Students today need more than a college catalog to plan their future. The quickly changing demands of the professional world, graduate school, as well as the undergraduate experience require that a first year student be more sophisticated about personal strengths, setting realistic goals, and adapting to changes in society which influence their life in college. The First-Year Experience program is designed to give entering first-year students the tools to make intelligent decisions about personal matters, academic direction and career choices.
The First-Year Experience program is composed of a two-course sequence, taken in the fall and spring semesters, which is designed for and required of all first-year students. A member of the faculty teaches both First-Year Experience courses and the students meets this person during freshman orientation. This faculty member serves as an advisor, mentor and friend in order to help them adjust to college, succeed in their academic pursuits, and lay down plans for career paths that they will pursue after college. The faculty who teach in the First-Year Experience program do so by invitation only. These faculty members are especially dedicated educators who are committed to helping students adapt to and succeed in college. Additionally, each First-Year Experience program faculty is paired with a student mentor. These are upper-class students that have successfully completed the First-Year Experience program. These peer mentors offer additional support to new students both academically and socially as they help new students connect to the UT community.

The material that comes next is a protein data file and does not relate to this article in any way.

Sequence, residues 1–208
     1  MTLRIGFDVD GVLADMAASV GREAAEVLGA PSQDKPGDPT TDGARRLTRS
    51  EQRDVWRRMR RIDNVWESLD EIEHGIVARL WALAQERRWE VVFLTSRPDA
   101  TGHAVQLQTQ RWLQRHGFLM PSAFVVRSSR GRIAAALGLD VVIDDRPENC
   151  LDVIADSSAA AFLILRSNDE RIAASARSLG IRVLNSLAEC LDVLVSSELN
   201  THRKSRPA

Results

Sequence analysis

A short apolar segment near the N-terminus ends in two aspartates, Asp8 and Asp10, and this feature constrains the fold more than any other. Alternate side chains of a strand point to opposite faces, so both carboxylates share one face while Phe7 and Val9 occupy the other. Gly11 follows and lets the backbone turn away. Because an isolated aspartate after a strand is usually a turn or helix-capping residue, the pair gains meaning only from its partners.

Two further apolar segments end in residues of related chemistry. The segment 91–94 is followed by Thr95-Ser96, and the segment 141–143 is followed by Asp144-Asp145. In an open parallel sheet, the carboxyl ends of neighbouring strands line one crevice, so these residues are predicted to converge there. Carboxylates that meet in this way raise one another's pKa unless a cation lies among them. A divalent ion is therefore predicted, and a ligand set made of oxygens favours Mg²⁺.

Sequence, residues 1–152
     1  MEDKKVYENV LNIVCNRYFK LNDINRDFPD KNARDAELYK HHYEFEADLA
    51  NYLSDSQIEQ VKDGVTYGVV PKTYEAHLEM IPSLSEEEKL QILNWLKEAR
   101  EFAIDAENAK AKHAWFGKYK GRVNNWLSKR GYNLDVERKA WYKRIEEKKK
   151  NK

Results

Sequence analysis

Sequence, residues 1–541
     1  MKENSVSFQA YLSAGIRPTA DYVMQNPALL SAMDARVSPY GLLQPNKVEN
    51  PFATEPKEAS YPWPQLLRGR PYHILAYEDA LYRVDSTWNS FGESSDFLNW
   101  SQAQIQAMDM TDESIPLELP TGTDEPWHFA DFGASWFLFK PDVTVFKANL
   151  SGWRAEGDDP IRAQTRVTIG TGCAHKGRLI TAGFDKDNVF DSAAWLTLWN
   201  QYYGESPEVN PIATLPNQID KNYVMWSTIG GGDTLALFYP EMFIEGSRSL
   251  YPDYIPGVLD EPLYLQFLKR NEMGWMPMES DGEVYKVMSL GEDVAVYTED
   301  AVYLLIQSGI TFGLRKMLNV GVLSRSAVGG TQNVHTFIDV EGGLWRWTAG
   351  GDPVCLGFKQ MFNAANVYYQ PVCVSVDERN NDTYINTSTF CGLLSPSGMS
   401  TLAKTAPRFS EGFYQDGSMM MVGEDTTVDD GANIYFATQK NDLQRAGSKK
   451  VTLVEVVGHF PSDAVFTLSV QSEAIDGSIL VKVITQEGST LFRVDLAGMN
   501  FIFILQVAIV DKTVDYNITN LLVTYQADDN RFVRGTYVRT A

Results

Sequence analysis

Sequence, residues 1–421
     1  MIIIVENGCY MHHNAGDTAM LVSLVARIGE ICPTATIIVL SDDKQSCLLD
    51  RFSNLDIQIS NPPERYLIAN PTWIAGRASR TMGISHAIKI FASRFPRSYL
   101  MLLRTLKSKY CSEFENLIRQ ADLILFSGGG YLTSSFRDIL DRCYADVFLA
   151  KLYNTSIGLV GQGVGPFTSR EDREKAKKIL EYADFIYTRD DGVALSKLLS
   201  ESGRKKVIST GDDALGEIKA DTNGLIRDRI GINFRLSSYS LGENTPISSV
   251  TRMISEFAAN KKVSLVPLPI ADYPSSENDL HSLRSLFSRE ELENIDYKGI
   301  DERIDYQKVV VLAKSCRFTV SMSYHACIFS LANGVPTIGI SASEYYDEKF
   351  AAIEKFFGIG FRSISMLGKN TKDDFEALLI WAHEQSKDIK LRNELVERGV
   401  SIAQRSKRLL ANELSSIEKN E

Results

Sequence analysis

One of the greatest challenges freshmen face is time management. Consider that in high school, each week a student is in a structured learning environment lasting about 35 hours per week where they are supervised by their teachers. In college, that number drops to about 16 hours. In those 16 hours, the lectures are typically delivered at a faster pace and the number of hours that a student must spend outside of lecture greatly increases if the student is going to master the material. In order to succeed in college, freshman must effectively manage their time outside of class, balance their academic and social life, adapt to new teaching styles and expectations, master outside readings, keep pace with lectures and assignments, plan their academic career to satisfy their degree requirements and begin to prepare for a career path.
The faculty also offer guidance in making these adjustments and discuss with the students individually how they are succeeding at four and eight weeks into each semester. They also help the students develop their planned course of study at UT and begin to consider career paths. Most important of all, Gateways provides the students with a faculty member whom they can seek out for guidance with both their academic life and other aspects of life at UT.